The DeMoulin Museum, located in downtown Greenville, has added another strange lodge initiation item to its arsenal. The Sliding Stairs, manufactured by DeMoulin Bros. & Co. during its fraternal period in the early 1900s, could be the museum’s rarest piece. Museum staff believe very few were manufactured due to the size and nature of the device.
“It’s remarkable the factory sold any of them,” observed John Goldsmith, DeMoulin Museum curator. “The blindfolded candidate sat upon the top step of the stairs. A lodge member would trip the mechanism causing the steps to collapse, resulting in the candidate quickly sliding to the bottom. All of our volunteers agree the users of this device must have sustained a few injuries.”
As was the norm for DeMoulin initiation devices, a blank cartridge was also discharged and a bell would ring.
The contraption was purchased from an Austin, Texas antique dealer who found it in a store in Indiana, where it was about to be used as a display shelf. Fortunately the Texas dealer identified it as possibly being a DeMoulin device and immediately contacted the museum. “I’m not sure what amazes me more — that the DeMoulin Sliding Stairs exists or the good fortune that brought it to us,” Goldsmith said.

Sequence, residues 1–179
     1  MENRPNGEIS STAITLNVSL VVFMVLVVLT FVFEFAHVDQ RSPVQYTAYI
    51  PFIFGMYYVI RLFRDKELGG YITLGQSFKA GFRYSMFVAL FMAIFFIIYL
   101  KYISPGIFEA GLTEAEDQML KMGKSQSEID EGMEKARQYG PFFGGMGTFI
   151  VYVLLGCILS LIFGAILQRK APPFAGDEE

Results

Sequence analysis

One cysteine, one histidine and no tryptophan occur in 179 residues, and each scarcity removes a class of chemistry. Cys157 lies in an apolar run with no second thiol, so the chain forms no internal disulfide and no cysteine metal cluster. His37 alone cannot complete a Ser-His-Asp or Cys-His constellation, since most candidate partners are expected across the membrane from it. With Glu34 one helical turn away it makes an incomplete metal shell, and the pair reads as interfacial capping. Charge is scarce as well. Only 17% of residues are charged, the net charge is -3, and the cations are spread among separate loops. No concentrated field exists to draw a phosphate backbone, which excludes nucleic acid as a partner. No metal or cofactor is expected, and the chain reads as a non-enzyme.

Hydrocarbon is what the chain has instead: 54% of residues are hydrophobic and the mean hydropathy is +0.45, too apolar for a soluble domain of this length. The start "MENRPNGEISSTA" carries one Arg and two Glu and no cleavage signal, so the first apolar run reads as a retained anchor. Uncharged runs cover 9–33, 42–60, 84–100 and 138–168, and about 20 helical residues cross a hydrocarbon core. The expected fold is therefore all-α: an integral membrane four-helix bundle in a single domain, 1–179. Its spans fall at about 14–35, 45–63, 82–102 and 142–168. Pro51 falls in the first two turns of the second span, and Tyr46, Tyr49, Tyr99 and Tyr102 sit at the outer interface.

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For its first 40 years, DeMoulin Bros. & Co. was a manufacturer of fraternal lodge regalia, paraphernalia, and initiation devices. Today, DeMoulin is one of the country’s leading makers of marching band uniforms. The DeMoulin Museum showcases over two dozen of the company’s initiation devices, one of the largest collections in the United States.
The museum, located at 110 W. Main St. in Greenville, is open Saturdays from 10 a.m. until 2 p.m. or by appointment. Group tours may also be scheduled by calling (618) 664-4115 or contacting them through their website www.demoulinmuseum.org. The DeMoulin Museum has also been spotlighted on Roadside America and Atlas Obscura, two leading quirky travel websites.